Orcas feed on baby seals and sea lions, and their strategy is to approach the shallows where the pups are frolicking in the breaking waves, beaching themselves deliberately in order to catch a meal. Orcas usually need to eat two or three pups daily to fulfil their needs, and the hunting season is quite a big deal for wildlife enthusiasts visiting Valdes. Be sure to visit in season - September to November - and plan enough time at one of the most likely beaches (Caleta Valdes or Punta Delgada). You need to coincide your trip with high tide in order to maximise your chances of seeing the hunting orcas in action.
Whale species: Minke whale, humpback whale, orca, blue whale
Best time for whale watching: May to September
The deep, clean waters around Iceland flow with warm and cold currents into the calm and sheltered fjords and bays. This makes the Icelandic coast the perfect environment for plentiful fish and krill to breed which in turn attract lots of whales, along with many other interesting marine species. The northern hemisphere summer months from May to September are the prime time for Icelandic whale watching, which can be organised all around Iceland’s coast but particularly from Reykjavik in the southwest and Húsavík in the north.
The Icelandic landscapes are magical when viewed from the sea, so your tour is guaranteed to be scenic and impressive even before you begin looking for marine life. There is a good chance of spotting whales in the summer, and while you are looking you might also come across lots of other exciting wildlife such as porpoises, white-beaked dolphins, seals, basking sharks and a variety of sea birds such as puffins, gulls and arctic terns among others. The wildlife possibilities obviously depend on the season, so ask your boat crew for more information on what to look for. The most common whale species in summertime Icelandic seas are minke and humpback whales, with rarer sightings of orcas, sei whales and blue whales.
Iceland’s long history as a whaling nation has endured into modern times, and there is still some commercial whaling activity in the area, though it is much reduced from past levels. It remains a highly controversial and divisive activity but nevertheless it has always been part of Iceland’s traditional fishing economy. There is little demand for whalemeat from native Icelanders and in fact the vast majority of the meat obtained is actually served to curious tourists; perhaps something to avoid if you don’t agree with whales being fished for their meat. One of the most famous whales that ever lived, Keiko aka Free Willy, came from Iceland and was returned to freedom there after half a lifetime in captivity.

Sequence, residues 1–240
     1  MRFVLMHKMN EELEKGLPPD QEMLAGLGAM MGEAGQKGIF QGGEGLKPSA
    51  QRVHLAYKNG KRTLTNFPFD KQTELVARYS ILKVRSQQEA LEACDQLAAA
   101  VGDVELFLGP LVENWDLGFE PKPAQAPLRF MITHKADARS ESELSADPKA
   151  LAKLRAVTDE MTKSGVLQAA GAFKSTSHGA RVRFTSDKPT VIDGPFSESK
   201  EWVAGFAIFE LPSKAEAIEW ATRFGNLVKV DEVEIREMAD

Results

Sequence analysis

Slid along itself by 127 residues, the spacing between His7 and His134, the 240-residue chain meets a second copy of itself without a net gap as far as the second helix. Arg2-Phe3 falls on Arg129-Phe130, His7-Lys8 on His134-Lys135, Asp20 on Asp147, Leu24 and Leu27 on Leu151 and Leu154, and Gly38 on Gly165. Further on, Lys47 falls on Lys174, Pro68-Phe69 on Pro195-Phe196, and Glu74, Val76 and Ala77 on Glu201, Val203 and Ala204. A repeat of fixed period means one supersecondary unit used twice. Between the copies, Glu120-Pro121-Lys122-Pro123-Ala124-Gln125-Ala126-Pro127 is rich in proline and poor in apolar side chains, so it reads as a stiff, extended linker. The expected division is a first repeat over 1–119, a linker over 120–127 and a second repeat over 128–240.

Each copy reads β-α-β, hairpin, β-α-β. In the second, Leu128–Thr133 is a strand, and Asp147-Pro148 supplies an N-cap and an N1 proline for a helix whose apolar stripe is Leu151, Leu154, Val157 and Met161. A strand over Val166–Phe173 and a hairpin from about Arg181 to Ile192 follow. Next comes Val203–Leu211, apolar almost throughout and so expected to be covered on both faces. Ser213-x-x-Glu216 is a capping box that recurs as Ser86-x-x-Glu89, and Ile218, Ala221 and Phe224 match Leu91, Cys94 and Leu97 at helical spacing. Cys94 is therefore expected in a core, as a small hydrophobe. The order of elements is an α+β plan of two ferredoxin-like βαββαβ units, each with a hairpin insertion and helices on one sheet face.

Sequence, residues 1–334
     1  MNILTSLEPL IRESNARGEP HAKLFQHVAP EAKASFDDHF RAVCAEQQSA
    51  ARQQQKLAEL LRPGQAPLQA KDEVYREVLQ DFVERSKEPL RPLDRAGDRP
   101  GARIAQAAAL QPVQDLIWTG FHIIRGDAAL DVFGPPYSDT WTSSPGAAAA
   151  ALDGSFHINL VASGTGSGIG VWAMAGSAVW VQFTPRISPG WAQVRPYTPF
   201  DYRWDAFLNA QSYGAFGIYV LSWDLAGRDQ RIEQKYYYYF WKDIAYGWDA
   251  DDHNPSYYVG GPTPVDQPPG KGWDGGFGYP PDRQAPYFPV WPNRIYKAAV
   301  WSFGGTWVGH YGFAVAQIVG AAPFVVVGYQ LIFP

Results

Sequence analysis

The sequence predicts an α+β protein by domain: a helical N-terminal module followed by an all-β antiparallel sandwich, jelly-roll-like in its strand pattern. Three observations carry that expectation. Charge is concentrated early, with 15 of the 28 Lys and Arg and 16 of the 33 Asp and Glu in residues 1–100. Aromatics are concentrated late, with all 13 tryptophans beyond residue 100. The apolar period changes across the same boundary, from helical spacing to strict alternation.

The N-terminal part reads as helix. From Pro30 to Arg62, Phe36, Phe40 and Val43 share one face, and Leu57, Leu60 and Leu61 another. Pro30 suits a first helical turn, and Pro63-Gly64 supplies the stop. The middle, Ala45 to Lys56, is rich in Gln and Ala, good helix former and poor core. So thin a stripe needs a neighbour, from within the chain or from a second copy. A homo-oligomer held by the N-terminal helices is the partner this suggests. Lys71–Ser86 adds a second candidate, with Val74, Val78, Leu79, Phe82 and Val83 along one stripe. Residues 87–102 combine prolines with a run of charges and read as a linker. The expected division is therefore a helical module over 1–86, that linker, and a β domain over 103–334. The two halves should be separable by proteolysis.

Whale species: Humpback whale
Best time for whale watching: June to November
Many thousands of humpback whales leave the Antarctic winter behind them and migrate north to Madagascar to give birth to their young in warmer seas. They also mate during their time in Madagascan waters, which entails elaborate displays of acrobatics - wonderful to watch. It is interesting to note that the large whale pods tend to follow a set route around the island of Madagascar, so it is quite easy to predict when and where the groups of humpbacks can be seen.
When they first arrive in Madagascar, some whale pods head for the Île Sainte Marie off the eastern coast, and generally spend much of their time in the Sainte Marie Channel which divides the island from Madagascar itself. There are reliable whale sightings between June and September from dry land on the island of Sainte Marie - which also boasts stunning white beaches and beautiful azure water - or from the deck of a whale watching boat.
Other pods of whales head straight for Tsarabanjina and Nosy Be on the western side of Madagascar, and they can be seen most reliably from August to November, breaching and slapping their fins into the waves in a gregarious manner. You are also in with a very good chance of seeing adult females with their calves, always swimming together in pairs. Again, the humpback whales are present in significant numbers and can be seen without too much effort both from land or for a close up view from a boat. Madagascan authorities have introduced stringent requirements for operators to ensure the presence of boats is not stressing the whale pods, so you can rest assured that your whale watching trip is not upsetting the giants of the deep. Whale sharks are also common in this area, and although not strictly part of the whale family they are fascinating creatures nevertheless and can easily be spotted on underwater dives or snorkelling trips.
Whale species: Sperm whale, blue whale
Best time for whale watching: South - November to April; Northeast - May to October
The big thrill for whale enthusiasts visiting Sri Lanka is the opportunity to see the largest living creature on earth - the blue whale. These giants of the deep can grow to an enormous size, reaching 30 metres long and weighing up to 170 tonnes, which equates to around 30 average sized elephants.
Blue whales are part of the baleen family of whales, meaning they feed by straining large quantities of tiny crustaceans from the water using their brush like filter. An adult blue whale needs to consume around 3,000 kilograms of krill every day to maintain itself. In actual fact, whales tend to spend a lot of time in colder waters overeating so that they build up enough blubber to keep them going while they migrate to warmer waters where krill is not so abundant.
In Sri Lanka, the south coast around Mirissa and Dondra Head are the favoured stomping ground of blue whale pods, and it is thought that at certain times of the year there is a larger number of blue whales at this location than anywhere else. Usually a boat trip is required in order to see the whales up close.
There are other destinations in Sri Lanka where whale watching is a possibility, namely Trincomalee in the northeast and Kalpitiya in the northwest. Kalpitya is one of the best places in the world in which to see pods of sperm whales. These remarkable mammals are the deepest diving of all the cetaceans and if you see them close enough you can sometimes spot the scars and sucker marks on their enormous heads where, on deep sea hunting expeditions, their favourite prey - the giant squid - has fought back.